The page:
Idiot Spectrum Disorder: We Must Find a CURE!

My young daughter Emma, who happens to autistic, recently wrote (because she has difficulty with spoken language):

“I want to know what you think about autism and am curious to understand why wasted time is spent being against a way of thinking and being.”

Emma, here is my simple answer to your “why” question: Because most people are idiots.

Myself included. “Idiot” is merely another label, or course, and as such, it is ultimately just another word on a very long list of categorizations intended to “other.”

I will now (idiotically) expound on my statement, attempting to use that label (idiotically) to describe that same label in some sort of useful (yet idiotic) manner–which I have (idiotically) labeled ISD: Idiot Spectrum Disorder.

Idiot Spectrum Disorder is a devastating condition that affects 80-90% of the human population. At this time, there is no known cause of ISD, nor is there any cure. Genetic predisposition, cultural conditioning and environmental toxins may all play a role in this tragic condition, but the best we can do now is analyze the symptoms and attempt to catalog the various subcategories of idiots on the spectrum.

“Delusional idiots” are ego-based consciousness forms who believe themselves to be intelligent (“know what’s what”). This presupposition leads to many dangerous and/or harmful conclusions. (More)

What actually matters…

What actually matters…

Love. Family. Parenting. Friendship. Service. Compassion. Activism. Kindness. Helpfulness. Humor. Humility. Awe. Wonder. Curiosity. Investigation. Learning. Discovery. Supportiveness. Encouragement. Cheerleading. Sacrifice. Courage. Strength. Emotional availability. Openness. Willingness. Honesty. What stands in the way of what actually matters… Hatred. Selfishness. Self-centeredness. Egotism. Greed. Betrayal. Dishonesty. Closemindedness. Superiority. Bigotry. Racism. Sexism. Homophobia. Ageism. Religious extremism. Separatism. Us […]

Happy Father’s Day!

Happy Father’s Day!

Okay, I admit it. I’ve been a negligent blogger. Between finishing The Dream Palace (yay!), looking for an agent for The Dream Palace (meh!), pre-production work on The Book of Paul trailer (dyed Paul’s wig yesterday!), trying to get funding for the set design (help!), sending off rewards to donors (yay to you!) and being a husband and DAD, well, blogging has had to take a backseat. However, I’m going to make an effort to be more consistent in the future, and what better way to begin than by honoring the best thing that has ever happened to me…fatherhood.

When my wife Ariane was first pregnant, we didn’t get an amnio, or check the sex. We said we’d “take what we got.” We got a beautiful boy, Nic. Eighteen months later, we got a beautiful girl, Emma. One of each, as they say. We got “one of each” in another way, too. One autistic, one not. Yes, having children is the best thing that ever happened to me. So is having an autistic child. Our journey with autism has made me a better man than I ever thought I could be. It has changed everything in our lives, for the better. If you want to know why, the best place to see is on Ariane’s blog Emma’s Hope Book. My chronicle of our family’s journey is The Dream Palace, a YA fantasy I just completed.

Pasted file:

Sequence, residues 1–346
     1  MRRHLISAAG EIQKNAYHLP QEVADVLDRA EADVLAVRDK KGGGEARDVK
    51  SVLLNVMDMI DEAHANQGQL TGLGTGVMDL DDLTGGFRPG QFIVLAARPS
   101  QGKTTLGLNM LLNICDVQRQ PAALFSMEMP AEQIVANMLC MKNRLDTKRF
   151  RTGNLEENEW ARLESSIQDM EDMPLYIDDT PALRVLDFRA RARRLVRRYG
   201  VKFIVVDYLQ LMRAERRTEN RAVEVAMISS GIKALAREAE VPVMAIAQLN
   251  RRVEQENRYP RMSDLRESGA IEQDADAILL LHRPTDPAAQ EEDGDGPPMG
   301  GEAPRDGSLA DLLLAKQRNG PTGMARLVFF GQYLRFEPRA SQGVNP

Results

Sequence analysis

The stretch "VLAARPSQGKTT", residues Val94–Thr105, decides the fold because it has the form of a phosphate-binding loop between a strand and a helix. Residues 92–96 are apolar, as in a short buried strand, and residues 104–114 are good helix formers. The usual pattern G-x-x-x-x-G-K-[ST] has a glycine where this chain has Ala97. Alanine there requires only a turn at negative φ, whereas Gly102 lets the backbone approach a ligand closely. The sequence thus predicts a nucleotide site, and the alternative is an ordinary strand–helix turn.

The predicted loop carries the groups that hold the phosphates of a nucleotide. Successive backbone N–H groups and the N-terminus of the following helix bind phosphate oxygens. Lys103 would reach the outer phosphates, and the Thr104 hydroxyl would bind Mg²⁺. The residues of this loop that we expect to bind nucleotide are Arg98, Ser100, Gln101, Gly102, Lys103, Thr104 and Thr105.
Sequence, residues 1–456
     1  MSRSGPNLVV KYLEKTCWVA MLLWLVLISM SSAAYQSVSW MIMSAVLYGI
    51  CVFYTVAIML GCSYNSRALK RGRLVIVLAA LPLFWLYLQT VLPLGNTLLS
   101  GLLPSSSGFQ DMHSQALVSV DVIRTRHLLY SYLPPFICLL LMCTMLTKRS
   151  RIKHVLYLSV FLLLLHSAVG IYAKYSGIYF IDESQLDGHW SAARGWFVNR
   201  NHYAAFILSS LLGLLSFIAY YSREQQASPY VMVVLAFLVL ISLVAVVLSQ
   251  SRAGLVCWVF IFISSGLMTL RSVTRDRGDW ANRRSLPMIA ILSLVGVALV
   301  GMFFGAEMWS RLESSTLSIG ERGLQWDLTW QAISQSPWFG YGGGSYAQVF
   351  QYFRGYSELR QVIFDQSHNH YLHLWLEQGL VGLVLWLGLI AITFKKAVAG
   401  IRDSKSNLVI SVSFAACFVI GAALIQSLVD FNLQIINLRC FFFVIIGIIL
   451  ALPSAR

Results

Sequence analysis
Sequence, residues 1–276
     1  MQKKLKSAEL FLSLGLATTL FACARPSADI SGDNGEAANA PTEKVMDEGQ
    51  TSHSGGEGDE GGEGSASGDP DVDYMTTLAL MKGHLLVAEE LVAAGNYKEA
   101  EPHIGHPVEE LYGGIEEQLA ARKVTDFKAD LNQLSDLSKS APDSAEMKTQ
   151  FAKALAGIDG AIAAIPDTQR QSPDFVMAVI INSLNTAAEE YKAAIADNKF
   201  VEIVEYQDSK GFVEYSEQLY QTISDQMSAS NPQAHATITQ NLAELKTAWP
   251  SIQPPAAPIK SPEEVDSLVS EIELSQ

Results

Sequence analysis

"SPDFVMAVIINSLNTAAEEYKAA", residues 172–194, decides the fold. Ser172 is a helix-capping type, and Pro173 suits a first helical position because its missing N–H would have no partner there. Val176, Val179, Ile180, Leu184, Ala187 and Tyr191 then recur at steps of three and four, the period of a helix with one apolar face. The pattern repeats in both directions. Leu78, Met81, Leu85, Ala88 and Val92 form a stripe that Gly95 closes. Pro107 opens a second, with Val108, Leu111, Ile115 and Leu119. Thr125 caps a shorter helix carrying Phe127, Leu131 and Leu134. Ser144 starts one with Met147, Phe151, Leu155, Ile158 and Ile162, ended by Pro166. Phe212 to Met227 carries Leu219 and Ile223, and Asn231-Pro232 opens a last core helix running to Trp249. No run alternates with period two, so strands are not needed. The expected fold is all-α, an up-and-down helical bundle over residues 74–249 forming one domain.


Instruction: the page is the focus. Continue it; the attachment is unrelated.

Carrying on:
The Happiest of Thanksgivings at The Dream Palace

The Happiest of Thanksgivings at The Dream Palace

HAPPY THANKSGIVING TO YOU! For those not subscribed yet there is still time to sign up for the newsletter to get a special thank you from Richard and family. If you sign up before the end of November will also receive access to the first ten chapters of Richard Long’s up and coming young-adult fantasy, The Dream Palace. […]

Another Sneak-Peak at The Dream Palace: Chapter Two (and why I wrote it)

Another Sneak-Peak at The Dream Palace: Chapter Two (and why I wrote it)

There’s still time to subscribe to the newsletter and get your Turkey Day mailing of the first 30 pages of my forthcoming YA fantasy, The Dream Palace. The first one page chapter titled “The Door” that I posted yesterday sets the mood, takes you to the threshold of The Dream Palace and introduces our first protagonist and the story’s narrator, Chris Sullivan. The second chapter, “Daisy” brings you into the Sullivan household and kicks off the action.

A bit of backstory here: I began The Book of Paul two years before I met my wife, Ariane. At the time, I had no children nor any interest in becoming a parent. But all that changed when we connected and…presto!…we had a son, Nicholas, followed eighteen months later by a baby girl, Emma. I LOVE being a dad, and love my family more than anything, as anyone who knows me well will attest. Nonetheless, I came from a very dark place and I continued to write about all the creepy, traumatic, highly sexual and violent material that fans of The Book of Paul have come to love and loathe. But as my children grew, it became increasingly clear to me at bedtime that I wouldn’t be reading any story of mine while they were still children. So, I decided to write a book for my kids that they could read before they were old enough to vote.

The theme of the story and the impetus to write it came when our daughter turned 4 years old, two years after she had been diagnosed with autism. Like many parents who receive such news, the “experts” inform parents about the “tragedy” of autism — and basically scare the shit out of you. I knew nothing about autism at the time, so I dug into the internet while Ariane read every book ever written on the subject. The news was not good. No one knew what autism was, what caused it, or how to alleviate the more difficult manifestations (I never use the “cure” word anymore for reasons I’ll go into at a later date). At this point, Emma had lost most of the language she had, was making very little eye contact and had obsessive/compulsive behaviors that could be dangerous to her.